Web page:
#WorldKidLit Wednesday: Dragonfly Eyes

Oxymoronic as it may sound, there is an exciting comfort in picking up a book by a beloved author—or, as in Dragonfly Eyes, a beloved, award-winning writer-translator team. What joys, worlds, and experiences lurk within its pages? Will anticipation be tempered by disappointment? In the case of Dragonfly Eyes, Cao Wenxuan’s new YA historical novel, … Continue reading #WorldKidLit Wednesday: Dragonfly Eyes

#BlackIsBeautiful: Lets Celebrate the Beauty of Blackness with the Black Caucus of the American Library Association

Have you heard of the Black Caucus of the American Library Association (BCALA)? This 50 year old organization is the oldest ethnic affiliate of the American Library Association (ALA). Established in 1970, BCALA, was formed to serve as an advocate for the development, promotion, and improvement of library services and resources to the nation’s African … Continue reading #BlackIsBeautiful: Lets Celebrate the Beauty of Blackness with the Black Caucus of the American Library Association

South African Writing – Day 20: An interview with two South African librarians

South African public libraries are a vital resource for South Africa's readers. They are incredible spaces of creation and learning and connection. I interviewed two local librarians to find out more about their work. Elzana Dlomo Elzana Dlomo is the senior librarian at Central Library in Cape Town. Central Library is located in the CBD … Continue reading South African Writing – Day 20: An interview with two South African librarians

South African Womxn Writers – Day 20: The Playwrights

Since I'm by no means an expert in plays or playwrights, I reached out to some writer friends for tips on SA womxn playwrights to look out for. Here are a few suggestions. Koleka Putuma - No Easter Sunday for Queers NO EASTER SUNDAY FOR QUEERS follows the hate crime murderlove story of Napo and Mimi. The lovers, … Continue reading South African Womxn Writers – Day 20: The Playwrights

#WorldKidLit Wednesday: Stars and Poppy Seeds

When I was a kid, I loved to count all sorts of things, as so many children do. Because numbers are fascinating! Even the names are cool: long before there was Google, there were googols and googolplexes. In Stars and Poppy Seeds, a picture book for ages 3-7, Flora is the child of mathematicians. And … Continue reading #WorldKidLit Wednesday: Stars and Poppy Seeds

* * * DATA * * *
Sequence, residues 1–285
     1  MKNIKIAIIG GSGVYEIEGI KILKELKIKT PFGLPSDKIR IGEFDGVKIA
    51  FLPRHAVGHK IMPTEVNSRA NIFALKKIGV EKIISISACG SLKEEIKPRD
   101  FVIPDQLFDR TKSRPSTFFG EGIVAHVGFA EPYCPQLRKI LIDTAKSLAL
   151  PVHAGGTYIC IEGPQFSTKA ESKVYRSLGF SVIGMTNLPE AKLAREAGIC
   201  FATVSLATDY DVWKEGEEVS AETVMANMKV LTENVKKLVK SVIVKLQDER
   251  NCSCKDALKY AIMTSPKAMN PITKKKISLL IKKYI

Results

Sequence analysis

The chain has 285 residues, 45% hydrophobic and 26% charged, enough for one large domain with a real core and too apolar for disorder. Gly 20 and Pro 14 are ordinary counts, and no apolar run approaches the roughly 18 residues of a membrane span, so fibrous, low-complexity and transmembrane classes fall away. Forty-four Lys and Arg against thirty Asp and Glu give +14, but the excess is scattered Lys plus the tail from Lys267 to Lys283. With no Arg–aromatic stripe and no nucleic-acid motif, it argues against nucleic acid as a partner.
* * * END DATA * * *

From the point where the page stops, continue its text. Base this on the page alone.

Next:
South African Womxn Writing – Day 19: 245 South African Womxn’s novels you should read now (2015 – 2019)

In early 2020 I started making a list of all the fiction novels written South African women writers published between 1994 and 2019. I wrote more about this project, here. When I began I thought it would be labour intensive, but not overly complicated. I was right in one respect. Making a list of the … Continue reading South African Womxn Writing – Day 19: 245 South African Womxn’s novels you should read now (2015 – 2019)

South African Writing – Day 18: The literary festivals and podcasts

South Africa is home to some fantastic literary festivals every year, and to some podcasts that you might like to listen to from afar. The literary festivals took a knock in 2020, but many of them will (fingers crossed) be back in action this year. I thought I'd share some of these so you could … Continue reading South African Writing – Day 18: The literary festivals and podcasts

South African Womxn Writers – Day 17: An interview with non-fiction publisher, Na’eemah Masoet

For Feminism Is and Living While Feminist I had the ABSOLUTE pleasure of working with Na'eemah Masoet, non-fiction publisher at Kwela Books. I am a massive fan of Na'eemah's energy, approach, and books. So, I thought I'd give myself some extra time with her by doing a little Q&A. Enjoy! Why did you get into … Continue reading South African Womxn Writers – Day 17: An interview with non-fiction publisher, Na’eemah Masoet

South African Womxn Writers – Day 16: Coloured literature and the chance to be remembered – Terry-Ann Adams

I remember the day I read a poem written by a Coloured woman in Kaaps. That day was the start of my process of becoming. I felt like I had just been reborn into a world where it is okay for me to be seen. Before that day, I didn’t think that my culture or … Continue reading South African Womxn Writers – Day 16: Coloured literature and the chance to be remembered – Terry-Ann Adams